Breakingviews - Bayer's rude health lays better path for breakup - Reuters


LONDON, Jan 11 (Reuters Breakingviews) - Bayer’s (BAYGn.DE) crop of improving businesses looks ripe for a split. The $58 billion drugs-to-seeds conglomerate has for years traded at a hefty discount to the sum of its parts, but refused to do anything about it. Activists like Jeff Ubben’s Inclusive Capital Partners may now, however, be in a better position to push for a breakup.

Bayer has been a perennial underperformer since its disastrous $66 billion acquisition of Roundup maker Monsanto in 2018. An expensive takeover was soon followed by a wave of court cases from claimants who said the group’s weedkiller gave them cancer. Persistent disappointment and a clunky conglomerate structure has hurt the stock, prompting analysts at Bernstein to argue for a breakup. Ubben isn’t the first activist to see value: Elliott Advisors took a stake in 2019. Smaller peer Bluebell Capital Partners has also bought in recently.

On numbers alone, the case for a split is clear. Assume Bayer’s pharmaceutical unit is valued at 8 times 2023 EBITDA and its core seeds business at 13 times, both in line with peers. Using UBS forecasts, they would be worth 50 billion euros and 88 billion euros respectively. Its smaller consumer drugs division might fetch another 18 billion euros, using peer Reckitt Benckiser’s (RKT.L) 12 times multiple. Add them up, take off debt, pension liabilities and a further 6 billion euros of future Roundup litigation costs, and Bayer’s equity could be worth nearly 110 billion euros. That’s nearly twice the current market capitalisation.

Yet Bayer’s many challenges also made a breakup tricky: the drugs unit, for example, has been overshadowed by a looming loss of exclusivity on blood thinner Xarelto in 2026. That’s changing: the German group now thinks a new drug against dangerous blood clots could deliver 5 billion euros in annual sales, offsetting Xarelto’s decline. That division may now be more appealing to cash-rich drugmakers. Meanwhile, the crop science business, which specialises in genetically modified seeds, is well placed to capitalise on food security concerns triggered by the war in Ukraine.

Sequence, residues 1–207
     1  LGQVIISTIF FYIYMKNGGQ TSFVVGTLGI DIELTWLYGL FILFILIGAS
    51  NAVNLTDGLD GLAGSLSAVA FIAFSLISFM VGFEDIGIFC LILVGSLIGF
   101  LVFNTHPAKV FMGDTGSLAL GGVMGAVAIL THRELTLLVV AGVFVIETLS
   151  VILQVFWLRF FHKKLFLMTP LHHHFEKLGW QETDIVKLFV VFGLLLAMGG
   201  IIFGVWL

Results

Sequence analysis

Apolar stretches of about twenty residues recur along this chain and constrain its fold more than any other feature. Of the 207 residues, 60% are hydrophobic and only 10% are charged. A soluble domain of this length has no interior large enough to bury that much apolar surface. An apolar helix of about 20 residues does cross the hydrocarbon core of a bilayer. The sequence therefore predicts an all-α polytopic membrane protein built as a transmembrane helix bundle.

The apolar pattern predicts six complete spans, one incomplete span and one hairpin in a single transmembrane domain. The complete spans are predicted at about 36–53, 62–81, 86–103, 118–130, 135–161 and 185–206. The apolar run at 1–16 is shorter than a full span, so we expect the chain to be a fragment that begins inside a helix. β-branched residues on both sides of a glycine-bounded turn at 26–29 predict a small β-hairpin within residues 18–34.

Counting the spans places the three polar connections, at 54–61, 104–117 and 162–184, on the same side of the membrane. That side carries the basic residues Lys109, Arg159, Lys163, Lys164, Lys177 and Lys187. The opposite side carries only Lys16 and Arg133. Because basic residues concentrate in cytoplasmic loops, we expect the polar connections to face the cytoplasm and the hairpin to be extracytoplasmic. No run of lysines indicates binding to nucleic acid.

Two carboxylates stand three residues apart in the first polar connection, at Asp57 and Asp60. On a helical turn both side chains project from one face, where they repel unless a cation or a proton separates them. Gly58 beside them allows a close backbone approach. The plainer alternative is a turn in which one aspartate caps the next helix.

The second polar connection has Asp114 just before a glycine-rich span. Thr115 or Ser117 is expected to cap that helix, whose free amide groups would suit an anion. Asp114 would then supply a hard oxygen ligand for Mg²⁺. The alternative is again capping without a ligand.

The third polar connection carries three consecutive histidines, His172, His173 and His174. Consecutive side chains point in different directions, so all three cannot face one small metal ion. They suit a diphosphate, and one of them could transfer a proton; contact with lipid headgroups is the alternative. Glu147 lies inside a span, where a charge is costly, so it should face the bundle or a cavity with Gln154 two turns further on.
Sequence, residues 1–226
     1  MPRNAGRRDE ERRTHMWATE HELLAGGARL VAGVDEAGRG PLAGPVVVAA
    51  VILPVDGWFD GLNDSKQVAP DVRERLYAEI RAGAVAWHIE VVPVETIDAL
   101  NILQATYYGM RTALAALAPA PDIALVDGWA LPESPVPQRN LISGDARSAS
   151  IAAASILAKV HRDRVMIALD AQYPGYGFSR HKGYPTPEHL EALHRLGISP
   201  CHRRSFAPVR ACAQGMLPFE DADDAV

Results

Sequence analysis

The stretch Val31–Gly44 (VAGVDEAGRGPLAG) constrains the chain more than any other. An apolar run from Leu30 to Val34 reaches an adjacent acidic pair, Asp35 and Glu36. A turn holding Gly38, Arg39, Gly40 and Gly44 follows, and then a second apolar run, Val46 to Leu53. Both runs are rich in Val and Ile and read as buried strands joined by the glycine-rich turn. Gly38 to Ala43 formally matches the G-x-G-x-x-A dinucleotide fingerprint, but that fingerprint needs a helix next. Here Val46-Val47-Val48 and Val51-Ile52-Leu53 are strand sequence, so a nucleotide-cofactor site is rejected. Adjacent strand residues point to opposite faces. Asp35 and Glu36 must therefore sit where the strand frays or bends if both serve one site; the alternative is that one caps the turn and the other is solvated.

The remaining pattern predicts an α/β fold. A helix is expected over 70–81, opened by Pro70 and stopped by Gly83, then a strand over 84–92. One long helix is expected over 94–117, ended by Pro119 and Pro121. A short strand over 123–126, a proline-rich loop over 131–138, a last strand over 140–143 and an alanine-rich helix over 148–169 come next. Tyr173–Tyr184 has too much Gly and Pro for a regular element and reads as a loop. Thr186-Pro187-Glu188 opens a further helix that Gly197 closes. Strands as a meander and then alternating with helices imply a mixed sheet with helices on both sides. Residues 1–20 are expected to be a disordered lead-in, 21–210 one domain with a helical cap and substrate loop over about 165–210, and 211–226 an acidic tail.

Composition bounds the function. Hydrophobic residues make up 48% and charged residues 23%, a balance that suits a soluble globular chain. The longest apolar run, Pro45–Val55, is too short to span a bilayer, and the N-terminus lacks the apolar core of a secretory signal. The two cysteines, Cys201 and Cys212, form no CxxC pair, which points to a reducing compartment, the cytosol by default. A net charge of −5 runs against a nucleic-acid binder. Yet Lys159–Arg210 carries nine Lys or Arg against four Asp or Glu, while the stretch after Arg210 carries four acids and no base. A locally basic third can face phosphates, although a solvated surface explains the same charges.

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The activists’ timing is good for another reason. Current Chief Executive Werner Baumann, who orchestrated the Monsanto deal, is set to leave in 2024. That gives the funds a chance to influence the future CEO and put a breakup on the table. A lot depends on Baumann’s successor. A credible figure may help the share price recover. But if Bayer sticks to its clunky structure and its stock continues to lag, then even more activists are likely to come knocking.

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(The author is a Reuters Breakingviews columnist. The opinions expressed are her own.)


Inclusive Capital Partners, run by hedge fund veteran Jeffrey Ubben, said on Jan. 9 that it had acquired a 0.83% stake in Bayer, as the German drug and agriculture group continues to suffer from a depressed share price.

Activist investor Bluebell Capital Partners has also built a stake in Bayer and is pushing for a breakup, Bloomberg reported on Jan. 10, citing sources.

Bayer said on Jan. 10 that Asundexian, an experimental drug against blood clots and strokes, could make more than 5 billion euros in peak annual sales. The drug may help Bayer replace revenue from one of its pharmaceutical bestsellers, Xarelto, which is set to lose protection from key European patents in 2026.

Shares in Bayer are up over 9% since Jan. 9 when Ubben’s stake was revealed.

Editing by Neil Unmack and Oliver Taslic

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